-Being so young, You’ve still earned sympathy and appreciation in the whole Armenian society. What does secure Your success?

There is a pattern of continuity in what I do, that is to say it never happened an activity to be ceased when funding would be over, if dealing with women’s issues. Apart from that, I am involved in any action which has to do with the violation of Human Rights. If one is an activist, then one is an activist everywhere and always. Even if rights of a single person are not protected and are infringed, then you are vulnerable, too, as the whole society is suffering because of that.

-Finally, as a skilled professional, an activist in civil society and, foremost, model woman, what would be Your advice to our youth and young citizens?

The least I advise them is not to be silent when something is seen to be unjust. If one keeps silence about something, then one may remain silent in other affairs, and after that we will lose the control over the civil society. Young women should not be afraid of being activists as it bestows on a lot of opportunities, it is didactic, and one acquires many skills whilst being involved in volunteerism, not by sitting in universities. If I were not involved in activism for so many years, I would not have had that much of experience. One shall not discount the possibilities and pros that activism and volunteerism make available.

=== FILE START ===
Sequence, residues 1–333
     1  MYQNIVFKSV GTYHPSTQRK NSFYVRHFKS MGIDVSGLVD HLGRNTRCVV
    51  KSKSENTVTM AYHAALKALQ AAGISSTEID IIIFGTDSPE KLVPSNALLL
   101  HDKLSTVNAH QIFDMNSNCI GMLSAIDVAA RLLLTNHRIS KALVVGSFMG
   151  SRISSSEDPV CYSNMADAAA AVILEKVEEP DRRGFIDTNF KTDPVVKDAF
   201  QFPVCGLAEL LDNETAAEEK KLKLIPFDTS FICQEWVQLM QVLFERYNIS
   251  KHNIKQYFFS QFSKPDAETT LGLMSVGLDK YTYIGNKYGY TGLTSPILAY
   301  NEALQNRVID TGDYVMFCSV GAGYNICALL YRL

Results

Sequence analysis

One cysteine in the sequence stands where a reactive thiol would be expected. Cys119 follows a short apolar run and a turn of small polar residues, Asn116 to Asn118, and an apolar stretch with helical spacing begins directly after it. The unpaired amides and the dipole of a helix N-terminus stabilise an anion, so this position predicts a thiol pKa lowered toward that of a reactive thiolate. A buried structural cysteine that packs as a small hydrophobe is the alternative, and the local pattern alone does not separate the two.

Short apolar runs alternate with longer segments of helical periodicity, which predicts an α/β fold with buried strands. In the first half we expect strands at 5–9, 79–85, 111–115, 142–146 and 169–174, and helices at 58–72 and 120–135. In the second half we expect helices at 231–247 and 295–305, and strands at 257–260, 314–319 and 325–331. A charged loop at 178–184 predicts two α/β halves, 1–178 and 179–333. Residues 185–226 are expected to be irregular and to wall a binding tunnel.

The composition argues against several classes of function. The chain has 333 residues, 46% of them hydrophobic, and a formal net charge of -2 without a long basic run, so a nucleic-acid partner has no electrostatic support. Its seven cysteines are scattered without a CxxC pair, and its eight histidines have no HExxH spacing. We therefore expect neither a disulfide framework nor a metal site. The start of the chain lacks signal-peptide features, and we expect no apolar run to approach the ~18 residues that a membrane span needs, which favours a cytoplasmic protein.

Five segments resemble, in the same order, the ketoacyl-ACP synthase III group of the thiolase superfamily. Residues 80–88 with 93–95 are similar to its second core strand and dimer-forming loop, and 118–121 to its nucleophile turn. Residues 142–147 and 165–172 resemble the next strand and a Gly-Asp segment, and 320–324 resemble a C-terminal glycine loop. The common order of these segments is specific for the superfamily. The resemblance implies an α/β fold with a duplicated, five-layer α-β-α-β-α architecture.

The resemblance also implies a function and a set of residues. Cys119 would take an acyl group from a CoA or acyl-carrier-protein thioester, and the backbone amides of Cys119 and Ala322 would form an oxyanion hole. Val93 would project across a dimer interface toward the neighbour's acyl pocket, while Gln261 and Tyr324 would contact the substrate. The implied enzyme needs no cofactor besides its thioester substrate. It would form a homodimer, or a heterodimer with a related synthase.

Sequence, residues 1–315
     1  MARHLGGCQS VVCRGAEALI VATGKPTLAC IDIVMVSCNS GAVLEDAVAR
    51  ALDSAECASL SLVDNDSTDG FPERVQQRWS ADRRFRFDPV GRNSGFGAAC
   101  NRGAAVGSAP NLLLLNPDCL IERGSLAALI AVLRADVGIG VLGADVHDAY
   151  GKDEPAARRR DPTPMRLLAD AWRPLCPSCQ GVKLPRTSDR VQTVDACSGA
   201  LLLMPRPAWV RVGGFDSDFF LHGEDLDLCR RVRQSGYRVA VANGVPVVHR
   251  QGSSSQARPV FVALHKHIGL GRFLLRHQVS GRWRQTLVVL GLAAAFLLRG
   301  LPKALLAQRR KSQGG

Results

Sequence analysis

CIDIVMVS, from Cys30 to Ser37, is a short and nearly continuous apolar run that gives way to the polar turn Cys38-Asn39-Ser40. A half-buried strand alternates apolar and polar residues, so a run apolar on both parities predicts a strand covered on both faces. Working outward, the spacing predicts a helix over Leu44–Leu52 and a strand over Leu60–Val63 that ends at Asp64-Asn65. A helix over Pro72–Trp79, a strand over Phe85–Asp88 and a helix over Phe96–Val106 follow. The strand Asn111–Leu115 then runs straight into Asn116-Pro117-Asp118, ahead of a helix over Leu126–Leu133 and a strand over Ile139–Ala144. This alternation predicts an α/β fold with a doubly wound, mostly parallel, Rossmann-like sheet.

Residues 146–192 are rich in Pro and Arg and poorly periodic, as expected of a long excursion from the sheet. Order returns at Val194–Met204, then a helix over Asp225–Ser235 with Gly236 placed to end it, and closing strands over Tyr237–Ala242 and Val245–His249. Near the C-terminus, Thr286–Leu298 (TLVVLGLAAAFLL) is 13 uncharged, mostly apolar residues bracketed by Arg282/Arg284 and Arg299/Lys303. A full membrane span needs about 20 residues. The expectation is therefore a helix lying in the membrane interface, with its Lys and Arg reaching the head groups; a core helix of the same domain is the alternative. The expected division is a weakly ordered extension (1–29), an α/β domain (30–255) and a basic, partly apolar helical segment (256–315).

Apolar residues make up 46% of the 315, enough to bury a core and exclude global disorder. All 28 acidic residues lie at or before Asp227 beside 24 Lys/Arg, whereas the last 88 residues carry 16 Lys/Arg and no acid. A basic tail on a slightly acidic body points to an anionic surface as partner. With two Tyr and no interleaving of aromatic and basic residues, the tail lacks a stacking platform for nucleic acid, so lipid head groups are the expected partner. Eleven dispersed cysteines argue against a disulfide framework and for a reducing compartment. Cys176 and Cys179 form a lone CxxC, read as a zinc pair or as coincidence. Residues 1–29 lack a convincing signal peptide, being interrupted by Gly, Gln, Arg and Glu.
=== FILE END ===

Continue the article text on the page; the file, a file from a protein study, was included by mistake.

Others speaking about Lara Aharonian

Anoush Poghosyan, “Women’s Resource Center” NGO

I know Lara since 2005. Lara can be singled out as a very kind, careful, meanwhile very strict and objective leader. I always admire the fact that she is able to combine her family and work, she manages to do a whole lot of things and she can be present at several places at once, full of energy. Lara is one of these exceptional persons that, me thinks, had made important changes in the lives of many, and I am not an exception. I have learned, thanks to her, that if something disturbs you or is not fair, and then you shall fight it. I thank you Lara, for everything. I love you very much, and I love your humor and optimism above all.

Raffi Niziblyan, Lara’s husband

Lara is my muse, my inspiration and my partner in crime. Lara is someone with values, with a conscience, with a will. Lara is a great friend, a wonderful mother and dedicated activist and a sensual wife. Lara is intelligent; she is strong but also very sensitive. Lara is all that I would want in a woman. Best of all, when our kids are older, they will refer to their mother as a role model!

Timothy Straight, Honorary Consul at Royal Norwegian Consulate, Finnish Honorary Consulate

Lara never fails to amaze me. She fights for important issues, the right issues. She fights on the ground, in the streets, in the police stations and in the court rooms. She is always at the front, on the barricades. Fearless and determined, she is also graceful. She is focused. Lara, you are an inspiration.

Nvard Margaryan